Richard Feynman speaking at the APS Meeting (Washington, DC, 1970)



In 1970, the April meeting of the American Physical Society was held
at Washington's Shoreham Hotel. There was a Nobel session in which
five Nobel Laureates gave their talks. All were dressed neatly, except
Feynman. He was without coat and necktie as you can see from this
photo.
What Feynman said in his lecture was also stunning. He was talking about the use of harmonic oscillator wave functions for relativistic quark model, and the content of his talk was published in Phys. Rev. [Feynman, Kislinger, and Ravndal, Phys. Rev. D 3 , 2706 (1971)]. He told us not to use Feynman diagrams but use oscillator wave functions for relativistic bound states.
I liked his talk very much and I was even excited, but most of my colleagues thought Feynman was absolutely crazy. Furthermore, it is generally agreed that the abovementioned Phys. Rev. paper gets a failing grade from the mathematical point of view.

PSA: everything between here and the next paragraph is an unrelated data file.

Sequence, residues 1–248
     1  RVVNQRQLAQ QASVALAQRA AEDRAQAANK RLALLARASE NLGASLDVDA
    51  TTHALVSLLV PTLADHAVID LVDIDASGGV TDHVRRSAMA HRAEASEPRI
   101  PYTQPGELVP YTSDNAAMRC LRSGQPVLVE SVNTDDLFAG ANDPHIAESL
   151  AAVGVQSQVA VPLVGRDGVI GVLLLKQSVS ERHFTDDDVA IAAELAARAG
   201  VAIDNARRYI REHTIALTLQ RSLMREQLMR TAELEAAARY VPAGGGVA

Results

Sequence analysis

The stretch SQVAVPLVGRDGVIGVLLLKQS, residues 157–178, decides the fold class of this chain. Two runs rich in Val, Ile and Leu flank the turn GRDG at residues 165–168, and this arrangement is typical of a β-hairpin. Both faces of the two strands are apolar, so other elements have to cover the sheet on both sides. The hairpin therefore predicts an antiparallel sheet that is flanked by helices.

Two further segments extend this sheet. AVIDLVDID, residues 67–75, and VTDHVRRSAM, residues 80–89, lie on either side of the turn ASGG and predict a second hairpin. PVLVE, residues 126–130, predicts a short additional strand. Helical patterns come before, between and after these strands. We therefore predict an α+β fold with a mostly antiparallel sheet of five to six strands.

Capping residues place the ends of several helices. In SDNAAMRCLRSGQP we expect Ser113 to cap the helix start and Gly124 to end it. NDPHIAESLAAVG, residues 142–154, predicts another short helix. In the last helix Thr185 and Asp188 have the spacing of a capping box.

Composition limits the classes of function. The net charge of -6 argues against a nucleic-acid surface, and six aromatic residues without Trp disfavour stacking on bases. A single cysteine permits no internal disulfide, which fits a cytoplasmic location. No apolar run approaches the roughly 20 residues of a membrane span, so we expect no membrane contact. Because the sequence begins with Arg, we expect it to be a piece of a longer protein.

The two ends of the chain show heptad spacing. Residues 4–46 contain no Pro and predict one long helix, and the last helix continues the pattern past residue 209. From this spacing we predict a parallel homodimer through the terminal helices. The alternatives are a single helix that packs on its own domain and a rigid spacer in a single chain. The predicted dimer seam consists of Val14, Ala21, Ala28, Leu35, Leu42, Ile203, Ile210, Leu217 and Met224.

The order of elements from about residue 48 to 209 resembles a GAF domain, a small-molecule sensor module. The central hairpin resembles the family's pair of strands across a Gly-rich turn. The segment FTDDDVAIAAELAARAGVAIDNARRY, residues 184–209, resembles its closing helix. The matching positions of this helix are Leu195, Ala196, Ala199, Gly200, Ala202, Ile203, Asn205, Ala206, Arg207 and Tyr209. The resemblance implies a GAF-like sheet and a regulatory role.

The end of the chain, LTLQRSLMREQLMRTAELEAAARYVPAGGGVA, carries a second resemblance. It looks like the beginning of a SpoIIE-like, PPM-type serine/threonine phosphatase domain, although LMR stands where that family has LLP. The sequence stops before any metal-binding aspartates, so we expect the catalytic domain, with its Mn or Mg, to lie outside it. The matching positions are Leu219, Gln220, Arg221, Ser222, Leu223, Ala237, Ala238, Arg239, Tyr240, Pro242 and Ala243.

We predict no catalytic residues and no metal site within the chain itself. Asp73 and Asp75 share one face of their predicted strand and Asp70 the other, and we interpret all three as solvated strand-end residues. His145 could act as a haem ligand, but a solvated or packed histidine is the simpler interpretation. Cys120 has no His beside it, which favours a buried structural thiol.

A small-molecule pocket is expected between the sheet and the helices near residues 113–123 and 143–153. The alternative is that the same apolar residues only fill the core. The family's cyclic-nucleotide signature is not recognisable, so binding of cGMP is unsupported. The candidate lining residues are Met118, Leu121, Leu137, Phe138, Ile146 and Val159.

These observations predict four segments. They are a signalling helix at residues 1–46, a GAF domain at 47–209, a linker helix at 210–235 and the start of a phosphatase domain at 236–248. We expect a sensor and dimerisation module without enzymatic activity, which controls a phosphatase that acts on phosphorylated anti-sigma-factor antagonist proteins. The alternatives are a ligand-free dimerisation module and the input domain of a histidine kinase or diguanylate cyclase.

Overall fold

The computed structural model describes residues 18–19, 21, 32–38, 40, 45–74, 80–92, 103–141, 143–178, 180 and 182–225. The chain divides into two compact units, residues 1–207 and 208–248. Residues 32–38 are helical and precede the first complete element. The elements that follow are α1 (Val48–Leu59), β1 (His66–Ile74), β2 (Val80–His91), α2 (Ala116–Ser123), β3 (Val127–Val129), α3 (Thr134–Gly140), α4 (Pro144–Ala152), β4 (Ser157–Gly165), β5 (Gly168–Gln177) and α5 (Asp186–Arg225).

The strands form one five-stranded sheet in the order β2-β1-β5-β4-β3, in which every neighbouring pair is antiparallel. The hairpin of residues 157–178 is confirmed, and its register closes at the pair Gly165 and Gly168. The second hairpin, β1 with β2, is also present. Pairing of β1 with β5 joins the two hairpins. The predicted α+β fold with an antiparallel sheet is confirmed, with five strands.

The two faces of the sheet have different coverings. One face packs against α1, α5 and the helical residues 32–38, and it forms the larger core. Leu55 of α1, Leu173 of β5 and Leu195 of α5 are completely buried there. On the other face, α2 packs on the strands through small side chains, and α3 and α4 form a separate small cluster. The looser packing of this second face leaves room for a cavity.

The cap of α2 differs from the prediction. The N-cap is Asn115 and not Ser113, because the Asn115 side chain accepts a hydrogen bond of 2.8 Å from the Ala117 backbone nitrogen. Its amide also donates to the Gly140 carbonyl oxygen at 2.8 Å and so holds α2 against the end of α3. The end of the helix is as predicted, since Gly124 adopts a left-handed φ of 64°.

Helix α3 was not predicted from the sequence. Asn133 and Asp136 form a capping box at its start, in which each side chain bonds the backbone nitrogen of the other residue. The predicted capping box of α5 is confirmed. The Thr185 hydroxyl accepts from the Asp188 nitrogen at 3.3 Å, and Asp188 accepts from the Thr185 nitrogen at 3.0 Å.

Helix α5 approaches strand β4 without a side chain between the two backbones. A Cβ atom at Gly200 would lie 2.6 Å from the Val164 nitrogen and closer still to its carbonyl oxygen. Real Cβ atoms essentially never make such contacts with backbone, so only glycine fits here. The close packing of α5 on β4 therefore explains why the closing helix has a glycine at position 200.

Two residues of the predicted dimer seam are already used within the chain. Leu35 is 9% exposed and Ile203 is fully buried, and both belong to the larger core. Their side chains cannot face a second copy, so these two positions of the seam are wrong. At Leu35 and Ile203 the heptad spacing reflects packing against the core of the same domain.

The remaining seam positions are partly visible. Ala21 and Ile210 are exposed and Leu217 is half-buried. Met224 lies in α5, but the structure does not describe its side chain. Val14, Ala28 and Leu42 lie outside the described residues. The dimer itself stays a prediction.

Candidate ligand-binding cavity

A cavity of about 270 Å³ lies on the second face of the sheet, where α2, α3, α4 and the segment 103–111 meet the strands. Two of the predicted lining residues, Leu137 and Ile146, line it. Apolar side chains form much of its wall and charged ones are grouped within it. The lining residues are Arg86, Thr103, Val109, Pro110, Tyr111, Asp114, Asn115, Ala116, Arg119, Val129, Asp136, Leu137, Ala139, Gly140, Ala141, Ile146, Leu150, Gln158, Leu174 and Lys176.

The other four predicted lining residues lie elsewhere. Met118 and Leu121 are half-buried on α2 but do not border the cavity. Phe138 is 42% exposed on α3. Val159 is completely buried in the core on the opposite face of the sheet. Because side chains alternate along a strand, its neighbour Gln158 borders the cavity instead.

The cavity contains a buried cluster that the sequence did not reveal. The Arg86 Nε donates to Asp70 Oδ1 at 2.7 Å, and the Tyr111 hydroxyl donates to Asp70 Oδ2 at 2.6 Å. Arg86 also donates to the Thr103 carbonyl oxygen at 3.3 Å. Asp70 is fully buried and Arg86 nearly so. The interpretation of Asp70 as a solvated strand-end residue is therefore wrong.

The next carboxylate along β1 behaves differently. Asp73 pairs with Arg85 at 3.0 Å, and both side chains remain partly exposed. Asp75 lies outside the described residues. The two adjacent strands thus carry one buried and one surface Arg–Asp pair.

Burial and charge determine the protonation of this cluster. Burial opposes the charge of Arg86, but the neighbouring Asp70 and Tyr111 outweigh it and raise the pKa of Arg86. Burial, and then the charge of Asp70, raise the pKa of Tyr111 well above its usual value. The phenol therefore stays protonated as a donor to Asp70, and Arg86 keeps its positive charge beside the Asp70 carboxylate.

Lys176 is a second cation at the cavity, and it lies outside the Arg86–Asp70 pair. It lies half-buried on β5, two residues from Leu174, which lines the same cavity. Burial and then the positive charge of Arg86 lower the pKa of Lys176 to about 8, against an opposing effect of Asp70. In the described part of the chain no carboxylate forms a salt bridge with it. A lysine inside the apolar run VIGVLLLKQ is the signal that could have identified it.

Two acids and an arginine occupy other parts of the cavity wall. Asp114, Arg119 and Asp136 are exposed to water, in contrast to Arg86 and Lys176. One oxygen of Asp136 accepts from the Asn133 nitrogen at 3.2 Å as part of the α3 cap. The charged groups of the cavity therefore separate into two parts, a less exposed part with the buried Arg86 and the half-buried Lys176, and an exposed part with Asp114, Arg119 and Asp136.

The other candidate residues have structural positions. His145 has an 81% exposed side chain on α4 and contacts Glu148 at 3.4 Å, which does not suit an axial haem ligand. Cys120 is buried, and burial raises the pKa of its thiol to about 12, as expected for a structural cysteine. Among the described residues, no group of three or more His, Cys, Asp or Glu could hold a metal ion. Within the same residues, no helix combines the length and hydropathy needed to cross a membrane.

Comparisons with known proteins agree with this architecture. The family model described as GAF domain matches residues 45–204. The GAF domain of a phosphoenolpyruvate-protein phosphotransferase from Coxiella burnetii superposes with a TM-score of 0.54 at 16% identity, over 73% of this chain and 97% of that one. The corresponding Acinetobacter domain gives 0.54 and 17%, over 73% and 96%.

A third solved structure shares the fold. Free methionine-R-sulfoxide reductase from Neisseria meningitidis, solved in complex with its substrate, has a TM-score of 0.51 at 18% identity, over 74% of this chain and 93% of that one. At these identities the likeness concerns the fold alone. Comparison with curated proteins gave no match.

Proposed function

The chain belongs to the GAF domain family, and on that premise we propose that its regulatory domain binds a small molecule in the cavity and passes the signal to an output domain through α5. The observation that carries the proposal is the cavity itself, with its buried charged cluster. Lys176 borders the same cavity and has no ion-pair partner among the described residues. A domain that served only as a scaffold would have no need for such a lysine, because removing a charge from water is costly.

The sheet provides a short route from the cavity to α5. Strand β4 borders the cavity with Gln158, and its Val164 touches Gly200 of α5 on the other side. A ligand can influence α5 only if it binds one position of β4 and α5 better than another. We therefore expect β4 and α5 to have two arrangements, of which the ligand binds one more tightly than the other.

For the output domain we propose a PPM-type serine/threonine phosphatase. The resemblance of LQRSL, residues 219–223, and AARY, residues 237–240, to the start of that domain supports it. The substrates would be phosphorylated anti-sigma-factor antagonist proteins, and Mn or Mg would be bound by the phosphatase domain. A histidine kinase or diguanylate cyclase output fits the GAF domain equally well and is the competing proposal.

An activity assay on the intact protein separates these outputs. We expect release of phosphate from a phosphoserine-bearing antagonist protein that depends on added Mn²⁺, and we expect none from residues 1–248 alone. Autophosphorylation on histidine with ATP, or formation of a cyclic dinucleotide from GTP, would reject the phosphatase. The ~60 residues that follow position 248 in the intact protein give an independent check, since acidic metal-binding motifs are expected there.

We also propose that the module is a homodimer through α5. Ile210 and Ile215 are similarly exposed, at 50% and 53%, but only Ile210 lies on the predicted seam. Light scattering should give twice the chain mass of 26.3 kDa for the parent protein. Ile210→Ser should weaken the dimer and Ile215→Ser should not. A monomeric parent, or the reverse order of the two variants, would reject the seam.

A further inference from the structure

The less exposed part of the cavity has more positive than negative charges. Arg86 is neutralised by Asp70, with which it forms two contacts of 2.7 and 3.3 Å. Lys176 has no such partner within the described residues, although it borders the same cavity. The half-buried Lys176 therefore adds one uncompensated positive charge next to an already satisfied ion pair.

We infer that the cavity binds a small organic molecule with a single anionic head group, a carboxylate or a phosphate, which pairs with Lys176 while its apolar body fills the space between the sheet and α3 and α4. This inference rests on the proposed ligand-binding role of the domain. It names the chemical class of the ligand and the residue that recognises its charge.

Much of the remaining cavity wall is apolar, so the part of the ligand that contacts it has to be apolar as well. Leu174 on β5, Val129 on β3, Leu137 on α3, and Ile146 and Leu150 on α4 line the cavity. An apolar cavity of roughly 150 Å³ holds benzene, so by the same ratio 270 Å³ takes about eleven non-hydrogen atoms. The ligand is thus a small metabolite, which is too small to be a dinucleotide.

In spite of all these, I am very proud to say that what Feynman said at the 1970 meeting became the starting point of my research program. This is perhaps the reason why many of my colleagues are saying I am crazy. I started my program by making up the mathematical shortcomings in his 1971 paper. Thanks to Eugene Wigner, I knew how to use the Poincaré group, and started constructing normalizable covariant harmonic oscillator wave functions. I started publishing papers on this subject in 1973 with Marilyn Noz. She has been and still is my most valuable coauthor.
Those covariant wave functions can be Lorentzboosted. Using these wave functions, I was able to show that the quark model and Feynman's parton picture were two different manifestations of one covariant entity. These oscillator wave functions later became the mathematical base for squeezed states of light.
Let us go back to 1970. Why was I so excited? Five years earlier, Freeman Dyson gave an invited talk at the same APS meeting. He made an important remark which led to the socalled "DashenFrautchi Fiasco." I published a paper about their work, and I was in political hot water for several years [the issue was that Dashen is a genius but Kim was something else]. Click here, if you are interested.

I am still working on Feynman's physics. You may click on my Feynman Agenda to see where the story stands these days.
Click here if you are interested in my Feynman page.